Updated Fri, Mar 23, 2012 10:39 am
The David Wax Museum will be the opening act for The Carolina Chocolate Drops this Sunday at Stuart's Opera House in Nelsonville, Ohio.
Formed in 2009, the Boston-based band is essentially David Wax and Suz Slezak, who are occasionally joined by horn players, accordionists and other musicians. Since their breakthrough at the 2010 Newport Folk Festival (where they won a contest for a performance spot), The David Wax Museum has been receiving rave reviews from the public and the press.
NPR's Bob Boilen, who hosted the band for a Tiny Desk Concert in January 2011, called the band "pure, irresistible joy" and claimed, "This kind of acoustic exuberance doesn't happen often enough." This past year, the band returned to the Newport Folk Festival, but this time as main stage performers.
The group's most recent recording, Everything Is Saved, solidified their reputation and helped them become more visible on the national level. The album's single, "Born With A Broken Heart," won Song of the Year at the 2011 Boston Music Awards.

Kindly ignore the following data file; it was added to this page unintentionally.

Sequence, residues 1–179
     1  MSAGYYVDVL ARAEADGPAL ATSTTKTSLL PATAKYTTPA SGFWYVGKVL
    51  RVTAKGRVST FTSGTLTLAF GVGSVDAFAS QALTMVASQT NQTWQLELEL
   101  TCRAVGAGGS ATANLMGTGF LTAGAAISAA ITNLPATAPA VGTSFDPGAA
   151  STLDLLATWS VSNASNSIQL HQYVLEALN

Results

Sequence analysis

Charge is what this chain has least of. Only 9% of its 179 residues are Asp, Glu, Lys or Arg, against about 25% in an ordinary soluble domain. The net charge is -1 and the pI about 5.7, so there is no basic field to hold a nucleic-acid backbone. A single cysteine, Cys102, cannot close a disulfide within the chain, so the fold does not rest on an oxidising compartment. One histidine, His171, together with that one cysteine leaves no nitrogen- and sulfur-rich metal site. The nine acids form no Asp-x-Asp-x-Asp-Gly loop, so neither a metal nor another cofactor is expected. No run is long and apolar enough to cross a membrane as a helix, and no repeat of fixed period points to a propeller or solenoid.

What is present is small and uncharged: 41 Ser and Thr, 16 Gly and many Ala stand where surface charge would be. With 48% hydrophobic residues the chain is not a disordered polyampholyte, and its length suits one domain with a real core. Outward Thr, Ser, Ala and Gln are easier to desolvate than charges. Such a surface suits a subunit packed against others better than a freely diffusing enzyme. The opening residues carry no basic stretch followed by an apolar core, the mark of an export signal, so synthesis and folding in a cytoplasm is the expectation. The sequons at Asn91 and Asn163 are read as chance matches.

Other accolades have come from Time Magazine, which listed The David Wax Museum as one of the top 10 performers at the South By Southwest festival in Austin, Texas, and Paste Magazine ranked the band eighth in its list of The 25 Best Live Acts of 2011. Next month, they will travel to China for a weeklong residency at the University of Shanghai.
According to The New Yorker, The David Wax Museum "kicks up a cloud of excitement with its high-energy border-crossing sensibility." That sensibility is what the band calls "Mexo-American" music, an aesthetic that merges traditional son mexicano with American roots music and indie-rock energy.
While in college, David Wax spent his summers working in the Mexican countryside. After graduating from Harvard, he returned to Mexico to study and absorb the country's folk music tradition. While there, Wax learned to play the jarana jarocha, a small eight string guitar-like instrument from the state of Vera Cruz.
After returning to Boston, he met Suz Slezak, a violinist whose musical background included traditional Irish fiddle and old time tunes and classical music. Wax convinced her to take up the quijada, a traditional Mexican percussion instrument fashioned from a donkey's jawbone, and along with her fiddle and harmony vocals, joined in the process of blending the styles and sounds that would become The David Wax Museum.
The Feb. 26 Stuart's Opera House show is sold out. For more information about The David Wax Museum, visit www.davidwaxmuseum.com.